Monthly Archives: February 2017

Two carnivals, a year apart

It has become a tradition for me to seek a Mediterranean escape around this time, when Southern countries get ready for the carnival. I did not grow up with a similar tradition. There is a festival (called Užgavėnės) with scary masks and pancakes, but it is very different from the colorful costumes and street music of the South. I grew up hating Užgavėnės with a passion. My first experience of it was at primary school, when older kids stormed our classroom with cans of paint and threw it at our faces. I spent the next hour or so trying to rinse my eye. In middle school, we were paraded to a nearby forest in makeshift scary costumes to make campfire and play games – a tiring and quite pointless trip. And let′s not forget that people still make derogatory masks depicting Jews and Roma in the Lithuanian version of this festival, two generations after the genocide of these populations. Needless to say, the only tradition I respect from the Lithuanian festival is making pancakes.

Last year I spent the carnival days in a small town in the region of Murcia (Spain). Although it wasn′t quite warm, it was sunny enough for the whole town to be on the street. The local school paraded its children, dressed in various costumes. Parents didn′t have freedom to choose the costume – it was decided top-down. In my friends′ son′s class, all boys had to be nutcrackers, and girls had to wear ballet costumes.

After the procession ended, many girls were sitting around and posing for photos with these short skirts and heavy make-up, which in the adult world would be considered ′slutty′ if seen outside of the carnival. Mothers, many in hijabs, proudly took photos of them with their cellphones.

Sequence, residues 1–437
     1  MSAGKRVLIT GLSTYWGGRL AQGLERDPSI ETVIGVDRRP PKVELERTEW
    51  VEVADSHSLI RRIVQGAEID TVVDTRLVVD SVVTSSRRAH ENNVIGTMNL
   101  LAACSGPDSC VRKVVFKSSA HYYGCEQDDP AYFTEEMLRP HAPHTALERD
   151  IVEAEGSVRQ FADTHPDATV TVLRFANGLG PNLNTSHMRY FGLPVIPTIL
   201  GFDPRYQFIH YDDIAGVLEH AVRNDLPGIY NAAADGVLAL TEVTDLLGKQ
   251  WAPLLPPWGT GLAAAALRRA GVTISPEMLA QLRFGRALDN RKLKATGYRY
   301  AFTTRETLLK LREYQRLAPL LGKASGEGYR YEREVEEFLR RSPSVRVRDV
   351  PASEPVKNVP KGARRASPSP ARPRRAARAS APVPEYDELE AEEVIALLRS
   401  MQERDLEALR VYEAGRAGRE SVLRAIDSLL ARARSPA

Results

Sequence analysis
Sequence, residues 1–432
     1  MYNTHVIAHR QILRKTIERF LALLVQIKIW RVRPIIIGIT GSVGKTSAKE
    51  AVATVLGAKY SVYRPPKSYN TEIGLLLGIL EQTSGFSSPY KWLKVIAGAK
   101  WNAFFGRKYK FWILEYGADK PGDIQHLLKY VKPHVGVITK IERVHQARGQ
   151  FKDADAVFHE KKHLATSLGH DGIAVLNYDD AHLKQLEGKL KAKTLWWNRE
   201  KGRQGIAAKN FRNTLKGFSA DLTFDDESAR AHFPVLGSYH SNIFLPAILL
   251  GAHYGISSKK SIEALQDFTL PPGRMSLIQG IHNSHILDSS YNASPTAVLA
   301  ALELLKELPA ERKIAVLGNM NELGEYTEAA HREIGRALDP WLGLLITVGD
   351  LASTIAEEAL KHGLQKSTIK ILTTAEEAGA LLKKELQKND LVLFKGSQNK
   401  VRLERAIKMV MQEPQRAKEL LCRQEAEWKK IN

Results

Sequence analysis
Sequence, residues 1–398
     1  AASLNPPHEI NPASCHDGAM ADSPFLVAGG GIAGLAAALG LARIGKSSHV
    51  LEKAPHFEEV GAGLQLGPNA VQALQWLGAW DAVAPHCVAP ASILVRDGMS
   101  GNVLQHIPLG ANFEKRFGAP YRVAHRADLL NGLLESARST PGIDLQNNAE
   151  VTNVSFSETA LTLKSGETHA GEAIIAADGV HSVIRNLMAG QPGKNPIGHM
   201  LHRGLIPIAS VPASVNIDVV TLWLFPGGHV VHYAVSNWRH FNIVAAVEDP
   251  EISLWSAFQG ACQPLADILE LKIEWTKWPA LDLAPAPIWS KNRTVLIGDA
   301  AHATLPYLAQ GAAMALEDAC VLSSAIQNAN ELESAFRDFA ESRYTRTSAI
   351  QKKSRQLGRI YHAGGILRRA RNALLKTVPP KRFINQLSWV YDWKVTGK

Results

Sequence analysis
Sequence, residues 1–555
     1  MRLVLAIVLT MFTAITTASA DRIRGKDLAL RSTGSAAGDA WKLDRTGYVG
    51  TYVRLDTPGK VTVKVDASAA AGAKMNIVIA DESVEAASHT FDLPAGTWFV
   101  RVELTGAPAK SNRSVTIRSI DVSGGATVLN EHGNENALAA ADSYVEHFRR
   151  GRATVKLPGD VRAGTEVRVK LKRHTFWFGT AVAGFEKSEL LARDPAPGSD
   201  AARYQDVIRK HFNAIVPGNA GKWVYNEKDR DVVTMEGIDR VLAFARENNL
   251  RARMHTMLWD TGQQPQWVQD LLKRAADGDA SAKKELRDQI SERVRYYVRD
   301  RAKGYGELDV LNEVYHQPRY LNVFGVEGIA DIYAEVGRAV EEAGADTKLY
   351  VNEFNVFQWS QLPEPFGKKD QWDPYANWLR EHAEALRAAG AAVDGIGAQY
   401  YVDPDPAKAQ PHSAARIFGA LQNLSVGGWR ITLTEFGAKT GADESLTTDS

This year I attended the carnival in Malta.

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Prague, second attempt

Kinetic head of Kafka by David Černý

“…And if you′re planning a stag party, have a nice stag party,” a flight attendant said on my Amsterdam-Prague flight. To me, putting the words ′nice′ and ′stag night′ in one sentence is a sign of out-of-the-box thinking taken to the extremes, but I smiled to myself. This sounds very Dutch. After all, Amsterdam ran an information campaign for purchasers of substandard  drugs to seek medical help immediately. What else could the service industry wish typical tourists in Prague, I wondered, remembering my first trip there in 2011. “May the content of your stomach be easy to clean?”

 

I went to Prague to attend a conference, and decided to stay the weekend after with friends. I was highly motivated to bust the myths I created for myself last time and to enjoy a completely different experience.

 

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